Group Created with Sketch.
Volume 6 No. 212

International Football

Ligue 1 club Paris St. Germain’s Qatari owners "are confident that they can prise" Arsenal Manager Arsène Wenger from the last year of his contract to become their new manager when current Manager Carlo Ancelotti leaves at the end of the season, according to Paul Hayward of the London TELEGRAPH. PSG’s most senior figures "have been telling members of their circle" that Wenger has been persuaded to leave after 17 years in charge of Arsenal. Their "least optimistic scenario" is that Wenger will move to Paris in the summer of '14 when his current deal at Arsenal expires. However, PSG’s owners "have sounded adamant in recent days that they can tempt him to cross the channel 12 months early." The club's proprietors "have told friends that Wenger is on his way to Paris." Le Parisien reported that Wenger "will meet PSG owners next week," with Ancelotti likely to replace Real Madrid Manager José Mourinho. Friction between Ancelotti and PSG Sporting Dir Leonardo "is believed to have encouraged the former Chelsea manager to seize his opportunity in Madrid." Arsenal will "hope any flirtation with PSG is a bargaining device by Wenger to increase his transfer budget this summer." Asked about the rumors in his native France, Wenger said, "At the end of my contract I’ll see what I can do. I’ve always respected my contracts. I can’t see at my age why that should change" (TELEGRAPH, 4/30).

Brazil's sports minister Aldo Rebelo "has reiterated his desire to overhaul the country's football calendar in a bid to revitalize its foundering domestic competitions," according to XINHUA. Rebelo "has set the government on a collision course with the Brazilian Football Confederation" and highlighted "how political maneuvering can shape sport in South America's biggest country." Rebelo said that "it was time Brazil acted to stop the vacuum of home grown talent to European clubs." Rebelo: "We are a country that has participated in every World Cup and that has won the tournament five times, more than any other team. But we have only two percent of football's financial wealth while England has more than 30 percent and Germany 23 percent." The government last week "announced the formation of a football task force charged with addressing the dire financial plight of local clubs." The initiative, "which includes a proposal to cap player salaries," could see the government waive taxes of up to $1B currently owed by clubs to Brazil's treasury. There are also increasing calls for the reduction -- or even abolition -- of Brazil's state championships, "which last almost five months despite drawing dismal crowds and television ratings" (XINHUA, 4/30).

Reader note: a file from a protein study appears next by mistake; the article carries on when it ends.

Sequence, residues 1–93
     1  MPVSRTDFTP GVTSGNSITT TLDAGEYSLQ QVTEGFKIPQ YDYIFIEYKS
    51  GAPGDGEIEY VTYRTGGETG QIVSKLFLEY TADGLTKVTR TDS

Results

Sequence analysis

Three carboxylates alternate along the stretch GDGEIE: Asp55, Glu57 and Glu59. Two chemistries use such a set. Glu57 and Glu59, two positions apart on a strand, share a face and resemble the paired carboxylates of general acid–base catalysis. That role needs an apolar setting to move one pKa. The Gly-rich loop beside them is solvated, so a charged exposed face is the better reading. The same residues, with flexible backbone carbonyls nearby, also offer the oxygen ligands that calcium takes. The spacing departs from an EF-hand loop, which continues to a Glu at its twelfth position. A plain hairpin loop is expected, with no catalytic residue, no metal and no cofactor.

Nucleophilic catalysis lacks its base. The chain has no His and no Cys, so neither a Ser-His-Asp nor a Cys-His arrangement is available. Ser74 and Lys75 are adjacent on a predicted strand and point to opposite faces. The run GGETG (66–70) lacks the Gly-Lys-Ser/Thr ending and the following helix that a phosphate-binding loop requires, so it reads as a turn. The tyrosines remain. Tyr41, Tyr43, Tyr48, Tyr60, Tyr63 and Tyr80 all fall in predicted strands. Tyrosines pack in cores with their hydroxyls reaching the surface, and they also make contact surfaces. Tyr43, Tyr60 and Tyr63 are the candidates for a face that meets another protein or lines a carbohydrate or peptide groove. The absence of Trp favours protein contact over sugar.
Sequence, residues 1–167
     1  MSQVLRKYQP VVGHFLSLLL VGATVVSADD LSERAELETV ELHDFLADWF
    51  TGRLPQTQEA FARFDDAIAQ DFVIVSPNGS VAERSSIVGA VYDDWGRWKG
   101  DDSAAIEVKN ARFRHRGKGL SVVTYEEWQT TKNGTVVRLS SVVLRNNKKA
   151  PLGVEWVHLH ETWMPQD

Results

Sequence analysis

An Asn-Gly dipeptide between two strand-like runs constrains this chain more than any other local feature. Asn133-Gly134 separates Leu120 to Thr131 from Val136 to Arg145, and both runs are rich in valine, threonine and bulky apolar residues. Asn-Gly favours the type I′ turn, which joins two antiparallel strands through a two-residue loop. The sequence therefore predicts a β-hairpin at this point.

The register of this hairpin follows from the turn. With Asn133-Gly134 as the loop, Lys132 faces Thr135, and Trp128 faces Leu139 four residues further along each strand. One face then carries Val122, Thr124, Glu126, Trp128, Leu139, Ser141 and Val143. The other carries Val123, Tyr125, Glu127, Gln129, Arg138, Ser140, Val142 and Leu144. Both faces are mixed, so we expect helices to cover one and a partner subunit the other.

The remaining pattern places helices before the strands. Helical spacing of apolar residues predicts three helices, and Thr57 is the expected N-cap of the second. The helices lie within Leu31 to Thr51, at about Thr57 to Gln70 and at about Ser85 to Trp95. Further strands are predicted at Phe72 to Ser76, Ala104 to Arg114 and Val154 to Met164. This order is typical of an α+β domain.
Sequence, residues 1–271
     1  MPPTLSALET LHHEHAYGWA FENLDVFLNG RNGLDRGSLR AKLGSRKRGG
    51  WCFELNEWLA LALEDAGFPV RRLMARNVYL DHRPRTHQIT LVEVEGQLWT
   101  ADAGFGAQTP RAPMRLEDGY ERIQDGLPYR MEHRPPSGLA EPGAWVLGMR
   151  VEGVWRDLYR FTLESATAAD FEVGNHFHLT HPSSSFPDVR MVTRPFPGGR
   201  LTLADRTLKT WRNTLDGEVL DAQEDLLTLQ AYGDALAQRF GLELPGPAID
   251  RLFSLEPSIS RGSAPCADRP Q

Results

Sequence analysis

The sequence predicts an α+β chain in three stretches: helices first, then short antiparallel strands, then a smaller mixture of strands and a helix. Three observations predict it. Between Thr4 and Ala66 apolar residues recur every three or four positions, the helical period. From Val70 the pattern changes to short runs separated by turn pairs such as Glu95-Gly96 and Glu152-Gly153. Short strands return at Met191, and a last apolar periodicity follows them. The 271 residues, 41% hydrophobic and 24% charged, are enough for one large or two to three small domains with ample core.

Officials from the 12 Scottish Premier League clubs met Monday in a bid "to implement an isolated piece of the reconstruction package," but only "agreed only to meet again next week," according to Alan Pattullo of the SCOTSMAN. It came two weeks after several owners declared that "there was no appetite for sitting around a table again." Under discussion "was the issue of playoffs," and while SPL CEO Neil Doncaster "remains hopeful some consensus can be achieved next Tuesday, he admits that the cost-versus-benefit equation could be an obstacle to change, with clubs reluctant to commit to such a change without wealth re-distribution helping to soften the landing." This "had been another strand of the reconstruction package rejected just over a fortnight ago." Doncaster said, "What you are effectively asking clubs to do is take on board additional financial risk of relegation but without all of the financial reward they would have had through reconstruction, so I think it is more difficult" (SCOTSMAN, 4/30).